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About MyVitiligoTeam

Overview
When you have vitiligo, protecting your skin is essential. Skin that has lost its natural color can burn easily and worsen vitiligo.1 Sun exposure can also increase the contrast between normally pigmented skin and lighter patches caused by vitiligo.1

There are steps you can take to protect your skin from the sun.

What does it involve?
Sunscreens are rated by sun protection factor (SPF) numbers, which indicate how long you can stay in the sun without getting burned. Higher SPF numbers are better, but consistent, regular use of sunscreen is the most important aspect in protecting skin.

Apply a UVA/UVB (broad spectrum) sunscreen daily with minimum 30 SPF or higher to all exposed areas of skin.1 Wear sunscreen even on cloudy days and while driving; UV light can pass through clouds and car windows, according to a recent study.2,3

Adults should use the equivalent of one fluid ounce to cover their whole body uniformly, and reapply every two hours - or immediately after physical exercise, profuse sweating, or extended time in the water.3 Waterproof or water-resistant sunscreen should be applied to cool, dry skin. For school-age children, roll-on sunscreens are recommended because they can be easily applied with little spillage.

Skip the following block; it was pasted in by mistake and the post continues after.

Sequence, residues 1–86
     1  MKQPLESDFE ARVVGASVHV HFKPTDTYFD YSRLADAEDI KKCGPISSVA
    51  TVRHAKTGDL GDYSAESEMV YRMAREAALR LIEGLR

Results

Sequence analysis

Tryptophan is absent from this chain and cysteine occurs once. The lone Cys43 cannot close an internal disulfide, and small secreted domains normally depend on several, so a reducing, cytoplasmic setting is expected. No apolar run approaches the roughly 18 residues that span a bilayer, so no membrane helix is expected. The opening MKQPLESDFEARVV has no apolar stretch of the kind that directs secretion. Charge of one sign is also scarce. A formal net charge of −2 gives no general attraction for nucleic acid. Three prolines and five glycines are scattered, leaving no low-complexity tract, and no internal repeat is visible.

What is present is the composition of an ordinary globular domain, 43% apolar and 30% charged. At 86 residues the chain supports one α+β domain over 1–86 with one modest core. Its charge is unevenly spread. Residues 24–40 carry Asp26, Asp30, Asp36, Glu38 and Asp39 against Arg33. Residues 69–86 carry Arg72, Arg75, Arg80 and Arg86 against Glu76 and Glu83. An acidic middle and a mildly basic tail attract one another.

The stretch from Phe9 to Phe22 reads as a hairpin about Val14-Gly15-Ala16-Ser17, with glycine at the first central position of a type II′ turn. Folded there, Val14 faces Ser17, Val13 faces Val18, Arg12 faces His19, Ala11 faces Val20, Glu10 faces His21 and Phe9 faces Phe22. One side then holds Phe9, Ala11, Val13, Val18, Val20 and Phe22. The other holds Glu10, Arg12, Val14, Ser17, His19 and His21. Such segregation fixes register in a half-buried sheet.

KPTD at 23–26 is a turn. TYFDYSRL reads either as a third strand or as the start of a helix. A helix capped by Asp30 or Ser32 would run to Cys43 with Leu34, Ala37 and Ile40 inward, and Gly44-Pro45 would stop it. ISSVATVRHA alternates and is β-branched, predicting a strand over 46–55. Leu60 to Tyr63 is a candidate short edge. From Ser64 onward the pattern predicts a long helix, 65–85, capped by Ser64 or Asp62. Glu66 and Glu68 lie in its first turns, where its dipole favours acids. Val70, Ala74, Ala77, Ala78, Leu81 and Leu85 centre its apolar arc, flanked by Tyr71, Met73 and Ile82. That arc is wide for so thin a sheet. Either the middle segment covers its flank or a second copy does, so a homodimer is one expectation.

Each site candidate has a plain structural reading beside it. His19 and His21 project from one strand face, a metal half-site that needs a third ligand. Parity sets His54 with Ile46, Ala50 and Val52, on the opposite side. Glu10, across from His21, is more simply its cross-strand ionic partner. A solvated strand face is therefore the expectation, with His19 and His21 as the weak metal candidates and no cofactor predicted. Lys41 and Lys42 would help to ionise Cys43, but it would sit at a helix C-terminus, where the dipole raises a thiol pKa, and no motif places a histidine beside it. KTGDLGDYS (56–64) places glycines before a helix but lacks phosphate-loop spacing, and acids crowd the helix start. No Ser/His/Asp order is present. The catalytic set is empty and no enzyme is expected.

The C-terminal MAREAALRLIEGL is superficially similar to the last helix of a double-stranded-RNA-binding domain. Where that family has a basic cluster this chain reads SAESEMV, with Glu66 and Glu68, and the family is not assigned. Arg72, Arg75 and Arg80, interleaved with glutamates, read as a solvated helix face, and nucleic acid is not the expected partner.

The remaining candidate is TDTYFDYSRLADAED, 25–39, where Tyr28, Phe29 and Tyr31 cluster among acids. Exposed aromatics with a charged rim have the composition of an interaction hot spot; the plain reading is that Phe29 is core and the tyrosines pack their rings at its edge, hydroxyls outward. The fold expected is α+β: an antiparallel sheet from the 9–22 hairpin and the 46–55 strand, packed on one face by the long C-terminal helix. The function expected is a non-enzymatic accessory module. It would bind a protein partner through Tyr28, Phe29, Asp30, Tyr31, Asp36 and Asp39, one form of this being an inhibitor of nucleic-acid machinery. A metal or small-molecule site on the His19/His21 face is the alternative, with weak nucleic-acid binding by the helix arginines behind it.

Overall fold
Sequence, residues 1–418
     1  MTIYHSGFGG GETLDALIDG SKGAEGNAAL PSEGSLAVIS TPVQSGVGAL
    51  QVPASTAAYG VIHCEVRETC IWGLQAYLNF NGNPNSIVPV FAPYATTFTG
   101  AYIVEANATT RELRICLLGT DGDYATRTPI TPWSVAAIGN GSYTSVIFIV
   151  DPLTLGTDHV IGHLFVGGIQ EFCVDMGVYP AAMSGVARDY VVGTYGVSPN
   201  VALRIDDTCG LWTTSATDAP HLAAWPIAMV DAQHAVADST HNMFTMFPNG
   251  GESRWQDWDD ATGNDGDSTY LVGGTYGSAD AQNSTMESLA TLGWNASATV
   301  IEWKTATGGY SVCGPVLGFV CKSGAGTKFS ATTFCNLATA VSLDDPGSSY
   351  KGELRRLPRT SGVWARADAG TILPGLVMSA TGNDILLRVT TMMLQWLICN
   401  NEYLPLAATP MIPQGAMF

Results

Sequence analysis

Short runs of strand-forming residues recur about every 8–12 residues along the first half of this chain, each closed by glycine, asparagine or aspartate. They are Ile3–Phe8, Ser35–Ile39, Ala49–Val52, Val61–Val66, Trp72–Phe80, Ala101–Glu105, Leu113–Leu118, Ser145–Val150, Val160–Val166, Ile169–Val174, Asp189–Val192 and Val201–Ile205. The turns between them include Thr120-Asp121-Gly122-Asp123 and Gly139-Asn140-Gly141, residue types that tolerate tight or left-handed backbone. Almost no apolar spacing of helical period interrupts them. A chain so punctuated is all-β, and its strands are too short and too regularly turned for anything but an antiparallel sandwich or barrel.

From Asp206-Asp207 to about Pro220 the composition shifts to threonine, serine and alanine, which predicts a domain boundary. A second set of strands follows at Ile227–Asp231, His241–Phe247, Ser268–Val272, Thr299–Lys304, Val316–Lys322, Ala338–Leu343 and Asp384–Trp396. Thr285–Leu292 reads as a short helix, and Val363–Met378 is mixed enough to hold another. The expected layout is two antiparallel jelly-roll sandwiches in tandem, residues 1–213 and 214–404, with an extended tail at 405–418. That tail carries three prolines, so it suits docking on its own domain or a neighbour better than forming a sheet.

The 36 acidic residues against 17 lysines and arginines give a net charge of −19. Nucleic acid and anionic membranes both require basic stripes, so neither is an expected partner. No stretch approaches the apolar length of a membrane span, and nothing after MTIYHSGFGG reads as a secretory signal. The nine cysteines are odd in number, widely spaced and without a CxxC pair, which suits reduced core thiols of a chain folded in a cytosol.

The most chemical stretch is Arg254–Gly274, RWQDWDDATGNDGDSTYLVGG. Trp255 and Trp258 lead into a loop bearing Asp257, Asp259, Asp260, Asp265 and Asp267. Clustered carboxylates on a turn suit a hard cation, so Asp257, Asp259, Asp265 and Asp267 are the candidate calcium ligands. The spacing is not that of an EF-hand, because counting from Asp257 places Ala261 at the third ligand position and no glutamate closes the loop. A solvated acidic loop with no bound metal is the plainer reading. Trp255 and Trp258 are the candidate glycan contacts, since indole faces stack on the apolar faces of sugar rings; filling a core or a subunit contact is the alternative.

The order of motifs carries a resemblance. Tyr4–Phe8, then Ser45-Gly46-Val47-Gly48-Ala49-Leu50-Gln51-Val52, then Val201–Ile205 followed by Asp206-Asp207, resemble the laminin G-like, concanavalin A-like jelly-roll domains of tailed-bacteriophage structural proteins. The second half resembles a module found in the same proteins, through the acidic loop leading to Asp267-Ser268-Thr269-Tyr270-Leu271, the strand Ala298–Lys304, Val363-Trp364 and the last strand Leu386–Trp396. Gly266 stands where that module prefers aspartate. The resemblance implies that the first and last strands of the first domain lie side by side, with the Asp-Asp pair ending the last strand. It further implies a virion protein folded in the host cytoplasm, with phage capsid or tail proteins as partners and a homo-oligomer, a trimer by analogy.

Sunscreen should be applied 30 minutes before sun exposure, unless otherwise directed by the package instructions. Lip sunscreens should be applied 45 to 60 minutes before sun exposure.

Wearing SPF-treated clothing provides another layer of protection. However, not all SPF clothing is equal; thicker, colored fabrics are most protective. A long-sleeve denim shirt, for example, provides an SPF of about 1,700. White T-shirts offer less protection, around SPF 7, while a green T-shirt may provide SPF 10.1

Do not use tanning beds and sun lamps. These are not safe alternatives to the sun and can burn or age skin that has lost pigment.1

Side effects
If a rash or irritation develops, stop using the sunscreen and check with your doctor.

External resources

  • Vitiligo: Tips for Managing – American Academy of Dermatology

  • Sunscreens and Tanning – American Osteopathic College of Dermatology

  • Sun Safety – American Vitiligo Research Foundation


  • References

    1. Vitiligo: Tips for Managing. (n.d.). Retrieved from https://www.aad.org/diseases/a-z/vitiligo-self-care

    2. Wachler, B. S. B. (2016). Assessment of Levels of Ultraviolet A Light Protection in Automobile Windshields and Side Windows. JAMA Ophthalmology, 134(7), 772. doi: 10.1001/jamaophthalmol.2016.1139

    3. Administrator. (n.d.). Sun Safety. Retrieved December 3, 2019, from https://www.avrf.org/resources/sun-safety.html

    Sun protection for Vitiligo Questions

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